Cleveland man indicted for selling fentanyl and heroin last year that resulted in a fatal overdose
A Cleveland man was indicted in federal court for selling fentanyl and heroin last year that resulted in a fatal overdose.
Kadeem Davis, 28, was indicted on one count of distribution of fentanyl and heroin, with a sentencing enhancement allegeing the sale resulted in death, one count of use of a communication facility in furtherance of drug trafficking and one count of possession of fentanyl and heroin with intent to distribute.
Davis sold a mixture of fentanyl and heroin on August 21, 2018 that resulted in a fatal overdose, according to the indictment.
Davis on August 22, 2018 possessed fentanyl and heroin with the intent of distributing the drugs, according to the indictment.
If convicted, the defendant’s sentence will be determined by the Court after review of factors unique to this case, including the defendant’s prior criminal record, if any, the defendant’s role in the offense and the characteristics of the violations. In all cases, the sentence will not exceed the statutory maximum and, in most cases, it will be less than the maximum.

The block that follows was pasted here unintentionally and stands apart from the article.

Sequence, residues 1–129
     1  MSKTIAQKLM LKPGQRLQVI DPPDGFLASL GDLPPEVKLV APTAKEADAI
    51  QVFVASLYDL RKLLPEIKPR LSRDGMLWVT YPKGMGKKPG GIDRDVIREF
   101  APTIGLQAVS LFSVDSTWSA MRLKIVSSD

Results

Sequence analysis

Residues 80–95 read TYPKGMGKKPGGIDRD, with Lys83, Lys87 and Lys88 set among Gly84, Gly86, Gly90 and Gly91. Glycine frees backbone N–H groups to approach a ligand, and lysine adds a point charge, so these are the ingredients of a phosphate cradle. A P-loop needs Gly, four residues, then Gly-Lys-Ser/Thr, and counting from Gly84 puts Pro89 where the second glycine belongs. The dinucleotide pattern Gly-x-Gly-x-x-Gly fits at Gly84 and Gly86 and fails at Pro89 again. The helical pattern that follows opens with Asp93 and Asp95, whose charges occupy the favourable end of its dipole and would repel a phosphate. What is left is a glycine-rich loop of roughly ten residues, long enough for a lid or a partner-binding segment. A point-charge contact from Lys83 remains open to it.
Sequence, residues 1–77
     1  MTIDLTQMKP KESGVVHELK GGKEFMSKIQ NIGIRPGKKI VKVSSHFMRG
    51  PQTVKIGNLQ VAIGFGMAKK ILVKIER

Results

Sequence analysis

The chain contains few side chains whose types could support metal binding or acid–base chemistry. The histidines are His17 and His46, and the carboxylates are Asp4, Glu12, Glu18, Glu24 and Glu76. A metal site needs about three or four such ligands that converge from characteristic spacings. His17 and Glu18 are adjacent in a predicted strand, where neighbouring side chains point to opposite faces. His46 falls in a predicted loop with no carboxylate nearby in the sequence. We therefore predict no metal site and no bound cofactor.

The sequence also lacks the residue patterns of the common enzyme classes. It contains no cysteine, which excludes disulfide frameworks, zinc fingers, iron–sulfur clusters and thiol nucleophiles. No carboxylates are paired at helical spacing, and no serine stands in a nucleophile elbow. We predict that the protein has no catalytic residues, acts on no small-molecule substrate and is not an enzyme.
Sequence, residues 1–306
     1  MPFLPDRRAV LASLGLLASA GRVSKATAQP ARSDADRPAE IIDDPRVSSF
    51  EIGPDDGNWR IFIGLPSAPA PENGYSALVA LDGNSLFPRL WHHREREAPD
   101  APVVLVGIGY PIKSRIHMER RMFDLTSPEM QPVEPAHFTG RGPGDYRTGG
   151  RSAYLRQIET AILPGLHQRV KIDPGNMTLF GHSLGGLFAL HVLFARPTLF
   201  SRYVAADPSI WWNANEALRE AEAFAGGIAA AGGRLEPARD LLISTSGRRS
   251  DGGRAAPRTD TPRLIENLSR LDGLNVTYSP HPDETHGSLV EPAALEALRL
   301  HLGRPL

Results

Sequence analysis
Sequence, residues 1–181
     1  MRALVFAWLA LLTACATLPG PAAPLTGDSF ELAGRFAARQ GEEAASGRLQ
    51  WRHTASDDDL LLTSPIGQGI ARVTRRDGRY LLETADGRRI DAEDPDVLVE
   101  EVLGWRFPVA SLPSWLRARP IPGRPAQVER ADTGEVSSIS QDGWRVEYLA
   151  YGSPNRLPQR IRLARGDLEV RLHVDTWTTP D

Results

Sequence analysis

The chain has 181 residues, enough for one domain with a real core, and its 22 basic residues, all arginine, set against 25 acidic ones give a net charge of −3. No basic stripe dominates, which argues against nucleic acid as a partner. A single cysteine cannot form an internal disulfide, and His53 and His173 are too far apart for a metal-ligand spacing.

This case is being investigated by the Lakewood Police Department and the Northern Ohio Law Enforcement Task Force (NOLETF). It is being prosecuted by Assistant U.S. Attorney Marisa T. Darden.
The NOLETF is a long standing multi-agency task force comprised of investigators from the Federal Bureau of Investigation, Drug Enforcement Administration, Internal Revenue Service, U.S. Coast Guard Investigative Service, and the police departments of Broadview Heights, Brooklyn Heights, Cleveland, Cleveland Heights, the Cuyahoga County Sheriff’s Office, Cuyahoga Metropolitan Housing Authority, Euclid, Independence, North Royalton, the Regional Transit Authority, Westlake and Shaker Heights. The NOLETF is also one of the initial Ohio High Intensity Drug Trafficking Area (HIDTA) initiatives. HIDTA supports and helps coordinate numerous Ohio drug task forces in their efforts to eliminate or reduce drug trafficking in Ohio.
An indictment is only a charge and is not evidence of guilt. A defendant is entitled to a fair trial in which it will be the government’s burden to prove guilt beyond a reasonable doubt.